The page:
On the other hand, tidal locking might also be “a huge advantage for life,” he added. It’s possible, for instance, that eastbound winds stirred up on the daytime face of these planets create mild conditions along their western regions. “The western terminator could be colder than the dayside [face], enough to have conditions suitable for liquid water, and maybe life, even for a planet that is slightly [too close in] to be in the habitable zone.”

The only way to find out for sure is to continue studying the TRAPPIST-1 system with even more powerful and versatile telescopes, like the upcoming James Webb Space Telescope or European Extremely Large Telescope. To get the word out, Gillon and his colleagues have just launched a new website to keep the public up to date and engaged on TRAPPIST’s ongoing exoplanetary discoveries.

According to the team, ultracool dwarf star systems like TRAPPIST-1 make up about 15 percent of the stars in the vicinity of our solar system, so they are a particularly promising population to sift through in the search for proximate Earth analogs. Given that many of the most famous “Earth-like” exoplanets discovered so far are typically hundreds—or even thousands—of light year away, it’s heartening to find out that there are some premium candidates cooling their heels in our own backyard.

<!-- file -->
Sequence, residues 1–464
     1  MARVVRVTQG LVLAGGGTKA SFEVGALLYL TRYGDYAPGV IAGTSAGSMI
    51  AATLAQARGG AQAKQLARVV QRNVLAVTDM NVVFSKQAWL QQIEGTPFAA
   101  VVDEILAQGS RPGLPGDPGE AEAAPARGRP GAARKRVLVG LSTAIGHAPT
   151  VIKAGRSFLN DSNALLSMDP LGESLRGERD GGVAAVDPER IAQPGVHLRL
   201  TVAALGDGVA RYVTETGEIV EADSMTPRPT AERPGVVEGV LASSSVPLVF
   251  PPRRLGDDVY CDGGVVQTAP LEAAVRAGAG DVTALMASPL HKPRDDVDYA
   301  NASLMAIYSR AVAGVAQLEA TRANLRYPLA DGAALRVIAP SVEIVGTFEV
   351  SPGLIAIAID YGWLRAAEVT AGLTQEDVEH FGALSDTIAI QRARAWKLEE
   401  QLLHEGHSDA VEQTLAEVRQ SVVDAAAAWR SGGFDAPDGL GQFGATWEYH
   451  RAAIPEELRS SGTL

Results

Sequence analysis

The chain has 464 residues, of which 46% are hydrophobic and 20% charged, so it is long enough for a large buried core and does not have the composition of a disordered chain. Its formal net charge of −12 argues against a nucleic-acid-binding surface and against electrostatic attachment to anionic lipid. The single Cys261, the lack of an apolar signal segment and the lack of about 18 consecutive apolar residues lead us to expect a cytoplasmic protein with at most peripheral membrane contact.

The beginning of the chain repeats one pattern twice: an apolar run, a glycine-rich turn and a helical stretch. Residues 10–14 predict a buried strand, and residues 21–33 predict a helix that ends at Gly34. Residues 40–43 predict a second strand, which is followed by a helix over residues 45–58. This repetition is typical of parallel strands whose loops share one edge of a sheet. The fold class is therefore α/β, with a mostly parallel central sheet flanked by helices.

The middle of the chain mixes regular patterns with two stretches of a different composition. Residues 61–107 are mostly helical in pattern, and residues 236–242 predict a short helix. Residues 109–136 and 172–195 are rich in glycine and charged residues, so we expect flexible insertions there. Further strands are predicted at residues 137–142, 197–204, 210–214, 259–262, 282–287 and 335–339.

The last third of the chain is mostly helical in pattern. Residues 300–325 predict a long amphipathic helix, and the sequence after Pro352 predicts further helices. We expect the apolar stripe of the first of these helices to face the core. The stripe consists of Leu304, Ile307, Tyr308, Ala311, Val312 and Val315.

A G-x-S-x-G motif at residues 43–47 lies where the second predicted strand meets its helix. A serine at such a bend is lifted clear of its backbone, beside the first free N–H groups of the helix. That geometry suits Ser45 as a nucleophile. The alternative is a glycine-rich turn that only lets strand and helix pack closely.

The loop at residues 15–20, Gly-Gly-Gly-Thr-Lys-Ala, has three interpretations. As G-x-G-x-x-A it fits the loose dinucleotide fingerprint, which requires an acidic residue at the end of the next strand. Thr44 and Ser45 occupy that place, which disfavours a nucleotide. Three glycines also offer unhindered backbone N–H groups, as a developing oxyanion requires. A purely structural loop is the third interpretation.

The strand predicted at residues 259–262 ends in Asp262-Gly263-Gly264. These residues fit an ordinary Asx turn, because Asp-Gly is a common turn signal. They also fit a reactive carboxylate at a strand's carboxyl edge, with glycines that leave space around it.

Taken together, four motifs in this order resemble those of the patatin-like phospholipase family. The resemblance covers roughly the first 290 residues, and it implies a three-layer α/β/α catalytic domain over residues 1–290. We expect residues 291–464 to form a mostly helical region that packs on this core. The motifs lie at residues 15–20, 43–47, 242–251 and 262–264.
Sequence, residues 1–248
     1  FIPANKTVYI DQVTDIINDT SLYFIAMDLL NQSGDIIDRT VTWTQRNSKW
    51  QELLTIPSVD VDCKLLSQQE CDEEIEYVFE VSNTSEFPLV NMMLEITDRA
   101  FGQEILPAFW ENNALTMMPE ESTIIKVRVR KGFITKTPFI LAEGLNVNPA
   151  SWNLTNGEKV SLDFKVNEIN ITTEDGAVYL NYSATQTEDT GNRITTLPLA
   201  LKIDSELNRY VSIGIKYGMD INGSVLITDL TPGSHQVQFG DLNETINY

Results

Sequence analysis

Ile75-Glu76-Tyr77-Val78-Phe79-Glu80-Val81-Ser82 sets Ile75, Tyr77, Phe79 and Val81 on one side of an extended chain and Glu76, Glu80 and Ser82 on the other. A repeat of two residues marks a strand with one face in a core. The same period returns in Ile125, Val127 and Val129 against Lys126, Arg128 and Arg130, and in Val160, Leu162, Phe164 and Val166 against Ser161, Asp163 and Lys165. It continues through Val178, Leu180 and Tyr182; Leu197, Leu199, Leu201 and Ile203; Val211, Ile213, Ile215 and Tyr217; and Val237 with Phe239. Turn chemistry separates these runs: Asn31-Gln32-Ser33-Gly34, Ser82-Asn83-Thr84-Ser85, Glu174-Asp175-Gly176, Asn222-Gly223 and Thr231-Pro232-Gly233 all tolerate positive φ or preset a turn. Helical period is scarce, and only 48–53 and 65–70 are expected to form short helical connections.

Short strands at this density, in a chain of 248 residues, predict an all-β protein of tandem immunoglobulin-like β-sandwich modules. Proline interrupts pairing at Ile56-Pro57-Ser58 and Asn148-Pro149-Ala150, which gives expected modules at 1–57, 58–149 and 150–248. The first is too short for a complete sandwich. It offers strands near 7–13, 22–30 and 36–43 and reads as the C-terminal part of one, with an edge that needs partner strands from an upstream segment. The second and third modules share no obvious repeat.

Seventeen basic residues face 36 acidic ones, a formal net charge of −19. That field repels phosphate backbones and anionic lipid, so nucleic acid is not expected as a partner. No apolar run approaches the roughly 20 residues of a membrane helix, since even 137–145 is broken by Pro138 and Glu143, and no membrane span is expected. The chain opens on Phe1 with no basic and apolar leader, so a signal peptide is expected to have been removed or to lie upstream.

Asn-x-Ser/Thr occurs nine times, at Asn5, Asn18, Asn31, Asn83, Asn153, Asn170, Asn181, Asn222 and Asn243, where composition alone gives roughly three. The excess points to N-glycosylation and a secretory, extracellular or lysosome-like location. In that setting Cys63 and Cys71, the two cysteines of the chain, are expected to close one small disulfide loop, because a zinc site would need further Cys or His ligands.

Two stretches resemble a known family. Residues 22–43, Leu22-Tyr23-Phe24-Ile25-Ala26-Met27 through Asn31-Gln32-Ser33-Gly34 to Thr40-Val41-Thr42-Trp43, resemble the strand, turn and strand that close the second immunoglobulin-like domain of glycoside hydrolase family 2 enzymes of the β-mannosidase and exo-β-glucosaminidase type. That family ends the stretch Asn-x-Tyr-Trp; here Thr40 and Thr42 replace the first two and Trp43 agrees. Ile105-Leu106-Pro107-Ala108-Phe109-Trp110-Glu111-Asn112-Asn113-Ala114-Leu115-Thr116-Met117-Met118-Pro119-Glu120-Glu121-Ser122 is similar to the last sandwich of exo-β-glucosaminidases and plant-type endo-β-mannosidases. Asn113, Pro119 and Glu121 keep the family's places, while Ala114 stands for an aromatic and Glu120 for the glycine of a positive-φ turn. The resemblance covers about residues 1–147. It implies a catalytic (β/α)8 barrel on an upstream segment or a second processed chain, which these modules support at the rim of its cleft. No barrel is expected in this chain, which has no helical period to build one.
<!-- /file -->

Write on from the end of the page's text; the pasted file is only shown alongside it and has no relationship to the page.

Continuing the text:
Source – MotherBoard 

The 9th Planet ?

Earlier this year, Mike Brown—an astronomer at Caltech who is famous for his role in the (somewhat controversial) planetary demotion of Pluto—offered, seemingly by way of atonement, evidence for the existence of a large planet in the outer Solar System.

But this distant world would be no pipsqueak, like the other icy, planetary embryos that we’ve discovered in the Kuiper Belt.

In fact, Brown and his team calculated a mass for the object of approximately 10 times the Earth’s, suggesting that it was the incipient core of a giant planet (like Jupiter or Saturn) that was jostled in the early phases of the Solar System’s formation, and rudely ejected into an astonishing 149 billion-kilometer (92 billion-mile) orbit, or nearly 75 times more distant than Pluto.

That means the hypothetical planet’s “year” can last anywhere from 10,000-20,000 terrestrial years.